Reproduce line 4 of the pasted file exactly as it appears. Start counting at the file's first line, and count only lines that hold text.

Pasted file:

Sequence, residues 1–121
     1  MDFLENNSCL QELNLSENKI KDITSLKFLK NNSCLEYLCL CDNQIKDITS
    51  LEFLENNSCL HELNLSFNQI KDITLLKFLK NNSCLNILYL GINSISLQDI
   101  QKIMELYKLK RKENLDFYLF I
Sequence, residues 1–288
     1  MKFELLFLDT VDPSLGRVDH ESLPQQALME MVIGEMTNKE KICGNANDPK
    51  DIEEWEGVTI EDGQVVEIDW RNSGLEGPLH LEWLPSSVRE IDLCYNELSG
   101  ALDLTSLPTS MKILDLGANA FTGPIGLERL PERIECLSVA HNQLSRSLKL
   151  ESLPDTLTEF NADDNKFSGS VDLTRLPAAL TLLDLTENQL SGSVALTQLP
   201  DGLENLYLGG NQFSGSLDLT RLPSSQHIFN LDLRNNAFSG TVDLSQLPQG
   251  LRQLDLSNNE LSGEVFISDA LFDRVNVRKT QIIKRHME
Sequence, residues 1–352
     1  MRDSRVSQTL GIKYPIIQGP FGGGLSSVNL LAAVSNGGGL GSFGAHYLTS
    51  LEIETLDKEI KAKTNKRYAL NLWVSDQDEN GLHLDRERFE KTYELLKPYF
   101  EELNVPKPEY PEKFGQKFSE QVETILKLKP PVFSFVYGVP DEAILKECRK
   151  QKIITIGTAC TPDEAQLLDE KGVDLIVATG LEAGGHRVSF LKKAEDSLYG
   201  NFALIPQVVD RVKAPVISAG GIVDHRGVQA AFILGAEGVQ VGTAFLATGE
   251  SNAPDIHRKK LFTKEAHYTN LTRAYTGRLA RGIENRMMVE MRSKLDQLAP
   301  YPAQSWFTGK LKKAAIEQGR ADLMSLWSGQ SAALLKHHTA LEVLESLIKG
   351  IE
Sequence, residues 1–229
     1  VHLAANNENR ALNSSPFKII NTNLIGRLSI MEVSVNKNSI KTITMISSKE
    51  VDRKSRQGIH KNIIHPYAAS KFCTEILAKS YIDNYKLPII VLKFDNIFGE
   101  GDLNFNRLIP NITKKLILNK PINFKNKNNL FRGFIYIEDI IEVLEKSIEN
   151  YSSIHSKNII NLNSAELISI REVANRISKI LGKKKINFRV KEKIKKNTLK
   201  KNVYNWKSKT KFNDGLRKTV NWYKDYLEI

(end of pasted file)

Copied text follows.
   101  QKIMELYKLK RKENLDFYLF I